Croke, Kevin, Guy Grossman, Horacio A. Larreguy, and John Marshall -
Deliberate disengagement: How education decreases political participation in electoral authoritarian regimes
A large literature examining advanced and consolidating democracies suggests that education increases political participation. However, in electoral authoritarian regimes, educated voters may instead deliberately disengage. If education increases critical capacities, political awareness, and support for democracy, educated citizens may believe that participation is futile or legitimates autocrats. We test this argument in Zimbabwe – a paradigmatic electoral authoritarian regime – by exploiting cross-cohort variation in access to education following a major educational reform. We find that education decreases political participation, substantially reducing the likelihood that better-educated citizens vote, contact politicians, or attend community meetings. Consistent with deliberate disengagement, education’s negative effect on participation dissipated following 2008’s more competitive election, which (temporarily) initiated unprecedented power sharing. Supporting the mechanisms underpinning our hypothesis, educated citizens experience better economic outcomes, are more interested in politics and more supportive of democracy, but are also more likely to criticize the government and support opposition parties.
Bleck, Jaimie and Kristin Michelitch -
On the primacy of weak public service provision in rural Africa: Malians redefine ‘state breakdown’ amidst 2012 political crisis
In 2012, Mali faced a dual state breakdown disrupting nearly 20 years of democratization – a coup and a secessionist insurgency. This paper provides the perspectives of rural Malians living on the border of state- and rebel-controlled territory. Our main finding is that villagers defined “the crisis” as one of unmet need for public services and infrastructure. State breakdown matters less where the state is not present in the first place. Rather than the state, villagers were largely reliant on local traditional authorities. The salience of villagers’ concerns about public services and infrastructure, as well as general basic needs insecurity, are echoed in cross-national Afrobarometer data (2012-2013) on public service provision across rural and urban citizens. In nearly all sub-Saharan African countries, the urban-rural gap is large, absolute levels of rural provision are low, and countries are inconsistent in provision across indicators. We conclude by drawing implications of weak state public service and infrastructure provision for citizenship in rural areas.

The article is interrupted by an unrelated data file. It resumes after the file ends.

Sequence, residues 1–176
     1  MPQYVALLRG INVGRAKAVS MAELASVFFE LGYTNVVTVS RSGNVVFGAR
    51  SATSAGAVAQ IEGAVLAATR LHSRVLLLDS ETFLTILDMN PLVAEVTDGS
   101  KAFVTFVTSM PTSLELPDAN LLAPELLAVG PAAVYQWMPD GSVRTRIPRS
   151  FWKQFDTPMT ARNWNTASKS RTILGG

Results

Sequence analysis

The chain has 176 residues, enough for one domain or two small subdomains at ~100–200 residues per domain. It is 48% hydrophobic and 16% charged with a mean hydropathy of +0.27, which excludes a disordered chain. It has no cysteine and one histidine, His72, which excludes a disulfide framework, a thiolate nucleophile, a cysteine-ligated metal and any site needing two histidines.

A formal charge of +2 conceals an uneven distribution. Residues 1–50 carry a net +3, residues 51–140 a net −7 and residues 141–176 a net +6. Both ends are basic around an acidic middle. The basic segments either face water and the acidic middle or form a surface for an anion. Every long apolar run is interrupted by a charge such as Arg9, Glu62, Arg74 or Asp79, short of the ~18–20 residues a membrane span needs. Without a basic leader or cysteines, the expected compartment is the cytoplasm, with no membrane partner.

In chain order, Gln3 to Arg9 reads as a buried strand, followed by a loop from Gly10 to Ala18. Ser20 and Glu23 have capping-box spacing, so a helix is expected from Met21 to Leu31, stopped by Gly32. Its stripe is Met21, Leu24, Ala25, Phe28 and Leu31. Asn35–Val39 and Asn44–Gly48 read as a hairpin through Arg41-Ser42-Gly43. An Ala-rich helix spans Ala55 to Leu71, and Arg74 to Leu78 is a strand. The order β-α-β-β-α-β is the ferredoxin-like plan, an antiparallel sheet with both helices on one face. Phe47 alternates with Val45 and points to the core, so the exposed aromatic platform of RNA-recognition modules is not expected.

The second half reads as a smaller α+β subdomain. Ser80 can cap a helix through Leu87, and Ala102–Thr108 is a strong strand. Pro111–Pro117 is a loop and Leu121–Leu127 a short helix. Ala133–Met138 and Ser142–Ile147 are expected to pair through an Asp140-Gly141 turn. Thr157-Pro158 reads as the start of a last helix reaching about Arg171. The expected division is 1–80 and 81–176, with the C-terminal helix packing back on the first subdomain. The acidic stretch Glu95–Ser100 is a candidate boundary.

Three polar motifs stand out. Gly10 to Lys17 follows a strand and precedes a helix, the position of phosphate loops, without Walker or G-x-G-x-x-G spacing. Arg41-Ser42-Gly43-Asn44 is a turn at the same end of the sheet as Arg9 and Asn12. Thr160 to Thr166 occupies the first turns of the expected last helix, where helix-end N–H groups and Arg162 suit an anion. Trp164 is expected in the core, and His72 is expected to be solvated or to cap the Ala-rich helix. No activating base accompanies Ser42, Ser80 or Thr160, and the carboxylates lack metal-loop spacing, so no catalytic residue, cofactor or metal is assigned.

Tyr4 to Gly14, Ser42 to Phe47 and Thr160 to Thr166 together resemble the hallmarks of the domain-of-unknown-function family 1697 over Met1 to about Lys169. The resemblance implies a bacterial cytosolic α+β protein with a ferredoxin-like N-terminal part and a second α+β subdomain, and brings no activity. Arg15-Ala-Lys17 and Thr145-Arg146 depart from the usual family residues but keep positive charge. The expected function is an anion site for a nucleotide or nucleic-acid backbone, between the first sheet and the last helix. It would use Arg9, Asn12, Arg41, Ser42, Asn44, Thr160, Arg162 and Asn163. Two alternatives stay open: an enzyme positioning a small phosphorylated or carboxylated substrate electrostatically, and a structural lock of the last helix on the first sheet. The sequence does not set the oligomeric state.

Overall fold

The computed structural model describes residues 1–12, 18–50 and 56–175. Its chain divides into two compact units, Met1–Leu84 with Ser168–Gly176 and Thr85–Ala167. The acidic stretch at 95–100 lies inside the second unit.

Leo, Benjamin, Robert Morello, and Vijaya Ramachandran -
The face of African infrastructure: Service availability and citizens’ demands
The need for infrastructure improvements is a top-tier economic, political, and social issue in nearly every African country. Although the academic and policy literature is extensive in terms of estimating the impact of infrastructure deficits on economic and social indicators, very few studies have examined citizen demands for infrastructure. In this paper, we draw upon survey data to move beyond top-line estimates of national infrastructure access rates toward a more nuanced understanding of service availability and citizen demands at the regional, national, and sub-national levels. We find a predictable pattern of infrastructure services across income levels – lower-income countries have fewer services. The survey data also allows us to observe the sequencing of infrastructure services. On the demand side, survey respondents are most concerned with jobs and income-related issues, as well as with the availability of infrastructure, specifically transportation and sanitation. These priorities transcend demographic factors, including gender and location (urban/rural).